Other reading, from the Jamaica Observer, is less enchanting:
Four people were shot dead by gunmen in Kingston, yesterday.

One of the dead men has been identified as Roy Burgher, 68, who the police said was shot inside a bar he operated at 63 Mountain View Avenue, the community where one man was killed during Tuesday's protests by the Opposition Jamaica Labour Party.

According to the police, a group of gunmen assault rifles and semi-automatic handguns, invaded 63 Mountain View Avenue, an impoverished community, and shot Burgher while he ate lunch at about 11.30 am yesterday.

Burgher's daughter, wife and neighbours were all shocked by the brutal nature in which the elderly man was killed.
"What a set a brute them wicked," one woman said as tears streaked down her cheeks.

A large pool of blood marked the spot where Burgher fell. He was shot in the head and the abdomen and died on the spot. A piece of food he had been chewing at the time, was still affixed between his lips when workers from the Maddens Funeral Home removed his body. Blood soaked his whitened hair.

"See the food all still inna him mouth, them boy deh wicked and no have no soul," another onlooker said.

Tuesday, September 13, 2005

Of all the gym joints (part 2)

While you're reading ...

Shortly after arriving in the Netherlands, I signed up at the local gym, determined to get my ass in shape for this year's Bubbling Championships in Jamaica.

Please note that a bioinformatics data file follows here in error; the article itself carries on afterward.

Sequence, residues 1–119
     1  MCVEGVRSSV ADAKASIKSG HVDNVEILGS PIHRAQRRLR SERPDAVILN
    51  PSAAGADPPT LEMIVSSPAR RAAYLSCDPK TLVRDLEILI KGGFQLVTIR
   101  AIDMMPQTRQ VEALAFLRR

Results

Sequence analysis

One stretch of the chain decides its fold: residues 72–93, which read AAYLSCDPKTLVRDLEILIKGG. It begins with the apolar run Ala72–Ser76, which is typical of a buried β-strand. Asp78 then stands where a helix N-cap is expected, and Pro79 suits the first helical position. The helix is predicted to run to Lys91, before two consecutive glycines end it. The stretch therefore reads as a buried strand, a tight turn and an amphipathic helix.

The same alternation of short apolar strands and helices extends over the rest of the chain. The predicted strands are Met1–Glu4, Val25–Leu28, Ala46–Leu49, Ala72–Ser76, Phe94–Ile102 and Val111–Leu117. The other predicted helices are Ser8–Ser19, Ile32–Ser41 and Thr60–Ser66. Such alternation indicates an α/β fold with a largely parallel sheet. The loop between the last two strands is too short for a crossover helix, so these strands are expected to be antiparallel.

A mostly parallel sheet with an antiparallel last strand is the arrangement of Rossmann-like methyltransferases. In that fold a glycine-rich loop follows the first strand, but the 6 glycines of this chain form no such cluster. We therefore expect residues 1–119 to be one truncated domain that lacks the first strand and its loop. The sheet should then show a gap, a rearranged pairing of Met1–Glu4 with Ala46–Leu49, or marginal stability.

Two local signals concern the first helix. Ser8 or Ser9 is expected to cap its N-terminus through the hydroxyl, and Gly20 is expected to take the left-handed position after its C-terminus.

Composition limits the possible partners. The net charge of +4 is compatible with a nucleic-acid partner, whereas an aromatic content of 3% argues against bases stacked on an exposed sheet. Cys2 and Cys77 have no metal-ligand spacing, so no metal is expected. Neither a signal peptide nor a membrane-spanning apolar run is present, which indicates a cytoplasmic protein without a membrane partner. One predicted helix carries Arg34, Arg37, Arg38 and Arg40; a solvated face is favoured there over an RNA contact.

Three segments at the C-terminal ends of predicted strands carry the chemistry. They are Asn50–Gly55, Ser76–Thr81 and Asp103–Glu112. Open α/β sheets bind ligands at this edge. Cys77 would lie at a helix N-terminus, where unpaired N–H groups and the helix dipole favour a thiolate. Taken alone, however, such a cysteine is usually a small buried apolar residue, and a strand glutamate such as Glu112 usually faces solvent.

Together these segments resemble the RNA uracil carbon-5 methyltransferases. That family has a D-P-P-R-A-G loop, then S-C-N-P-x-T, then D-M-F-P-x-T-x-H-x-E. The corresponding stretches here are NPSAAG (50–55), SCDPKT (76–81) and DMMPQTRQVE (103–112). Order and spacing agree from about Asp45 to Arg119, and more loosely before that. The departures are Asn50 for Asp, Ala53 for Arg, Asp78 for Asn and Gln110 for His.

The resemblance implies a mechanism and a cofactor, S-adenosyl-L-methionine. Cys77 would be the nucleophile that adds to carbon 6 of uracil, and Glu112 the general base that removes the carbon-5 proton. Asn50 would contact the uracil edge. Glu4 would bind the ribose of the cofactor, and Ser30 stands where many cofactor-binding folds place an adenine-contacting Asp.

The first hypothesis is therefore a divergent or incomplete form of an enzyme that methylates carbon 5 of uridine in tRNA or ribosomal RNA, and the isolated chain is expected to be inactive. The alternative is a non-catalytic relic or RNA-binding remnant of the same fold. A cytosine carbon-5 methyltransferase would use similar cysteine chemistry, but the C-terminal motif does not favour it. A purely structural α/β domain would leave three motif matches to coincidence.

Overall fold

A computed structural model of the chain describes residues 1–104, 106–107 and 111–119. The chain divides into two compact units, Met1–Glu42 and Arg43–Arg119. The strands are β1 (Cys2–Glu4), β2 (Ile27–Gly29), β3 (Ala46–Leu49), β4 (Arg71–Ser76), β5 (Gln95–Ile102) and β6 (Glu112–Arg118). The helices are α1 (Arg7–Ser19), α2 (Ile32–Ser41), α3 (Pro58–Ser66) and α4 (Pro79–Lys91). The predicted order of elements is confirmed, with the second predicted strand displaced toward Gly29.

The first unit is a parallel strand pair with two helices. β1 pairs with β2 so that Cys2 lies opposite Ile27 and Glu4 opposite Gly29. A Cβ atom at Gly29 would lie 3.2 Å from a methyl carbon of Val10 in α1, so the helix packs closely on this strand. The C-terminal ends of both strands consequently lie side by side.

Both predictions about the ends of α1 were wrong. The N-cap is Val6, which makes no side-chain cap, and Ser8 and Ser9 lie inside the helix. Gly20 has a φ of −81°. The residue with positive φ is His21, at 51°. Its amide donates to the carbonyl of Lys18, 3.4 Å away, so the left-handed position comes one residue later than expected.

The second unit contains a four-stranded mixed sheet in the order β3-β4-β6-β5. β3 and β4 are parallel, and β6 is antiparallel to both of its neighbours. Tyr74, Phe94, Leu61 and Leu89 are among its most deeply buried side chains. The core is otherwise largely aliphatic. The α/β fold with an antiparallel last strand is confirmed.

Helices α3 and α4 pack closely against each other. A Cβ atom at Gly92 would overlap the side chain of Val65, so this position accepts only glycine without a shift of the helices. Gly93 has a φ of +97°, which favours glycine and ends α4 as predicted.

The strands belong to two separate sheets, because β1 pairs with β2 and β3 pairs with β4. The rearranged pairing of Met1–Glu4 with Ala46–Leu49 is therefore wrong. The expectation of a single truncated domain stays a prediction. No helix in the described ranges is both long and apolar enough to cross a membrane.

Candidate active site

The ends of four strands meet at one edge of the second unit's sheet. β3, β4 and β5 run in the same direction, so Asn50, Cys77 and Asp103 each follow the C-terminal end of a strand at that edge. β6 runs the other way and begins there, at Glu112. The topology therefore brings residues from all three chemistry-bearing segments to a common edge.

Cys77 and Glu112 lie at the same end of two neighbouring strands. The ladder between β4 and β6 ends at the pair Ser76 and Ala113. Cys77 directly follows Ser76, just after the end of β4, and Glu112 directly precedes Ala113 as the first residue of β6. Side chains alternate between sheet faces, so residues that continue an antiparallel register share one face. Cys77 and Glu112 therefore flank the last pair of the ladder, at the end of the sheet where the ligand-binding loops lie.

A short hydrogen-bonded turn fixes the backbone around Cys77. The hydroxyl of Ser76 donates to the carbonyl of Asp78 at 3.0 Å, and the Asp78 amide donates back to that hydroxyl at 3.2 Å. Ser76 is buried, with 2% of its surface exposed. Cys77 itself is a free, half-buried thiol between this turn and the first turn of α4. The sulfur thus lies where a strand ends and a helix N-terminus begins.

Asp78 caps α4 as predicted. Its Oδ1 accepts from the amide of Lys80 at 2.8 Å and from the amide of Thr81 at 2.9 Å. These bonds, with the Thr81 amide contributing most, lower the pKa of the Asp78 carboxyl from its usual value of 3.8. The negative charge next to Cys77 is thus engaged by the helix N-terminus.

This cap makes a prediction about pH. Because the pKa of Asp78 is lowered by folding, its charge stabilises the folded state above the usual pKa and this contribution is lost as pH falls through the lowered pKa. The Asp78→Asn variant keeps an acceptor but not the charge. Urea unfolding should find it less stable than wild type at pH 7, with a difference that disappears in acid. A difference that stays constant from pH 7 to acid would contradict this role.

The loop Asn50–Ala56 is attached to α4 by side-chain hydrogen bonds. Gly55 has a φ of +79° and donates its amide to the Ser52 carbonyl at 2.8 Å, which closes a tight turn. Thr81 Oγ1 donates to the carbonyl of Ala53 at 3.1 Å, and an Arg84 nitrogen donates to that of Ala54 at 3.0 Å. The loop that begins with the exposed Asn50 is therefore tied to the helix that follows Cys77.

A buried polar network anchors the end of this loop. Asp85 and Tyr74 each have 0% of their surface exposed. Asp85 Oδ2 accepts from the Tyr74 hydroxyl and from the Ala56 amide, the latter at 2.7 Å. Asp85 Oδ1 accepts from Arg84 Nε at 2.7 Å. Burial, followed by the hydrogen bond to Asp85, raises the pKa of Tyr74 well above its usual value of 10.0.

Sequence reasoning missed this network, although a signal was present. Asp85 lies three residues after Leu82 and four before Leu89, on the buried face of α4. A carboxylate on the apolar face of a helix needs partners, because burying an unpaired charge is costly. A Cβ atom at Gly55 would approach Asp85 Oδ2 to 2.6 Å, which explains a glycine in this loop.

By a double coincidental quirk, the first time I went, I found that my "personal trainer" had the same name as the one in Rome, and, to my horror, they were playing the same song as in Abidjan (read Of all the gym joints [part 1]).

I always take my mp3 player now.

My co-sweaters are very different from previous experiences. I usually go straight after dropping the kids off at school, so perhaps that's why there are no people of working age at the gym. Seniors hobble between the machines leaning on Zimmer frames, the men still wearing their Sunday best clothes - the only concession to sportiness is that they take off their tie. They treat the gym like a social club, gossiping about their children and the state of the world. It's better than hanging around the post office waiting for a chat.

Sometimes I think I must be in the injury hour special, as the gym fills with wheelchairs and crutches. Yesterday there was a guy with both arms amputated just below the elbow and a huge skin graft scar on his leg. He had some trouble shifting the pin in one of the machines, so I leaned over and asked if it was OK.